Recently I received an e-mail from José. Some time ago I was able to help her untangle the mental knot in which she was entangled. The positive change process she went through during (and especially between) the coaching sessions, was spectacular. Afterwards I asked her if she was okay with me sharing her journey here. Her change is a good example of someone embracing a “Trying is Being” mindset. She wrote me that email with her story as she had experienced it.
This is her story.
José and I get in touch during the pandemic. She is a mother, married and entrepreneur with employees and a physical business that has to close due to a lockdown.
Initially, we are talking about the sense and nonsense of social media to promote her business. However, as soon as I started to dig deeper, I found that there was a lot more that was troubling her. Her life challenges were causing a lot of stress and she did not know how to deal with that.
…I soon found out that I actually needed to deal with the gremlins in my head. I had to sort myself out first.— José (coachee)
Accepting that this situation could continue any longer, was the first step towards her improvement. She recognized that something had to be done, although it was unclear to her what was wrong exactly.
I was very confused with myself and didn’t know how to tackle or solve certain things within myself
Digging deeper (Stop Trying)
It was impossible for her to clearly see what the problem was, exactly. Let alone that a solution would present itself. That is where a good coach can be of great value. Through talking, listening, asking and reflecting we started to unravel the complicated issues in her head.
During the sessions we spoke in a safe and trustworthy atmosphere to clarify these difficult and sometimes emotional problems. Not only did we talk a lot, we also worked with various exerices.
She was able to indicate what gave her meaning and happiness, but now why. A card game revealed her inner values so she better understood what made her tick. And roleplaying various situations gave her insights in the triggers that would make her “lock up” mentally and what her behavior looked like when that happened.
Between the sessions, we looked for ways to build a regular journalling habit into her daily routine to learn how to reflect on her own behavior, without judgement.
After all this, we found her main challenges:
- She was unable to have difficult, sensitive conversations with other people. Particularly in situations where her decisions would have an impact on the people around her.
- she would suppress her own opinions and emotions in order not to confront others with bad news.
- As a result of that behaviour, she would continually overstep her own boundaries which eventually led to mental and physical issues.
as long as I was busy for someone else I didn’t have to be busy with myself and I didn’t have to talk about it with someone else!
To get here, José had already overcome quite a few hurdles. The conversations were deep, my questions were challenging. Reflecting on her own behaviour was confrontational. We learned what situations gave her a feeling of failing. But at no point did she stop trying. Together we peeled off the struggles, (limiting) beliefs and challenges layer by layer to get to the crystal clear core of her self-worth and confidence.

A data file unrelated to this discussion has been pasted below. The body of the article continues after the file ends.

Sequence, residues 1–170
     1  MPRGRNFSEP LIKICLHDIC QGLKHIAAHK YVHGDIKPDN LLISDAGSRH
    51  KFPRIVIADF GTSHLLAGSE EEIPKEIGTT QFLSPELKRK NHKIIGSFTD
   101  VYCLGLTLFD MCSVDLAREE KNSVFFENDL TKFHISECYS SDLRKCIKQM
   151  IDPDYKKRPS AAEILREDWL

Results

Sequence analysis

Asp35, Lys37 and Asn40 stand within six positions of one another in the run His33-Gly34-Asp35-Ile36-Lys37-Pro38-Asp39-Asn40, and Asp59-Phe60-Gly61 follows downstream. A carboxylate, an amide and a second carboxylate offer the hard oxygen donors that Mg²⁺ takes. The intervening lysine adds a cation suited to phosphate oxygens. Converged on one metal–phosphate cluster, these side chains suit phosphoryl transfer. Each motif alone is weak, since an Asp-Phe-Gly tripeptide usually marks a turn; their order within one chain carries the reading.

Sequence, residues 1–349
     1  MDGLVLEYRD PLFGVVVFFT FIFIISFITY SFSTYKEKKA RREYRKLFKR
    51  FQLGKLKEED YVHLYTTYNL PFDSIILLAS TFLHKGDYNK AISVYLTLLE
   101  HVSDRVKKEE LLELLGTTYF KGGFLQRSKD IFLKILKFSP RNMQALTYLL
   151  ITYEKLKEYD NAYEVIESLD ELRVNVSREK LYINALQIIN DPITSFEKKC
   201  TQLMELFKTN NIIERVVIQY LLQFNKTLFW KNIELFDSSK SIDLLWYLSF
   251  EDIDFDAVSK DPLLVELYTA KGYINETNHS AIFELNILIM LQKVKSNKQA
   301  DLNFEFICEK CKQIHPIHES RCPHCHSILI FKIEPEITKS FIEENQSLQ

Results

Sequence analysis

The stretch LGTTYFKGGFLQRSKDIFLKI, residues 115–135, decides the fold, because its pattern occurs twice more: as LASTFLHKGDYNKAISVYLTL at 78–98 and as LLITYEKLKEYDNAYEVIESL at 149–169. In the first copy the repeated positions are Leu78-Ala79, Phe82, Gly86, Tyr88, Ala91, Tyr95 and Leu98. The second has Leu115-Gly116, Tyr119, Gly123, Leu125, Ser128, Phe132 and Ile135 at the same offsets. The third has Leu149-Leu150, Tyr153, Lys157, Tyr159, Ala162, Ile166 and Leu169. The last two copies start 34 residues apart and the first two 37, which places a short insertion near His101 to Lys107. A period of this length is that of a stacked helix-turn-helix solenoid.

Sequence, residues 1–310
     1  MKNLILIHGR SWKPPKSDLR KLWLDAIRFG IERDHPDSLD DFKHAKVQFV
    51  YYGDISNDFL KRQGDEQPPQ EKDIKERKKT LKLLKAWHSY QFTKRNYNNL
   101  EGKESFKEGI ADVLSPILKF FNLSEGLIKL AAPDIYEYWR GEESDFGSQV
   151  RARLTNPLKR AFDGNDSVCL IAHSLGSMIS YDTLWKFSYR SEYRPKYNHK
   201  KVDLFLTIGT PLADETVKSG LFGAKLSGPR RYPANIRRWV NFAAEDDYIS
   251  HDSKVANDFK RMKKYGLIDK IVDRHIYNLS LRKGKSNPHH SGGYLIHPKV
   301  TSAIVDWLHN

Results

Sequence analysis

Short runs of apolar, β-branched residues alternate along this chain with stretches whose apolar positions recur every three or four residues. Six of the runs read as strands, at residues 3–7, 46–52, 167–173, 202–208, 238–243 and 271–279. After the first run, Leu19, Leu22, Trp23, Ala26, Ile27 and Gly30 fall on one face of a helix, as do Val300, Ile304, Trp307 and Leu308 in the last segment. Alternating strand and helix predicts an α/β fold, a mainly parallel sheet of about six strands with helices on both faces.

The recovery process (Start Being)
Through the conversations I got to know myself better and I learned from Arno about how I could start to recognise triggers, situations and behaviour. With that I was able to ‘try’ to solve them myself. I learned to allow emotions to be present and also learned to respect my personal boundaries.
Her recovery was not easy. As she wrote; she could now “try” to fix things herself. Sometimes that worked better than others, but step by step she found the attitude and behavior to deal with these situations in ways that suited her character. That showed she started to embrace “trying is being” as a mindset.
It was wonderful to see that she independently found ways to deal with the opportunities and challenges that life presented her. Both professionally and privately she has had to deal with a lot and her own drive to achieve also got her navigating challenging life changes. In every situation, her confidence rose as did her resilience. She found her own ways to determine when to pivot and when to persevere.
Meanwhile, she continued to write for much-needed self-reflection. We practiced conversations or situations that she dreaded. She also learned not to take the perspective or opinion of others as personal criticism. This allowed her to work better with others and be less against other people by default.
Moreover, we also found ways to significantly improve her sleep, which greatly benefited her energy during the day.
Arno is calm and really takes the time to listen to you and then helps you. For example, by helping to prepare a difficult conversation I now feel strong and confident going into a conversation.
Trying Is Being
In my opinion, José has embraced a true “Trying is Being” mindset. She knows what drives her and became aware of her strengths and challenges. We still speak regularly and the challenges she now takes on were impossible for her a year ago. I will not go into details, but I would say she has an “above average” amount of change and challenges to deal with.
I feel I have gotten to know myself a lot better. My confidence has also improved greatly. I now dare to enter into situations that I used to walk away from!
She really has embraced “Trying is being” to improve her life in very real ways. Just like Yoda said.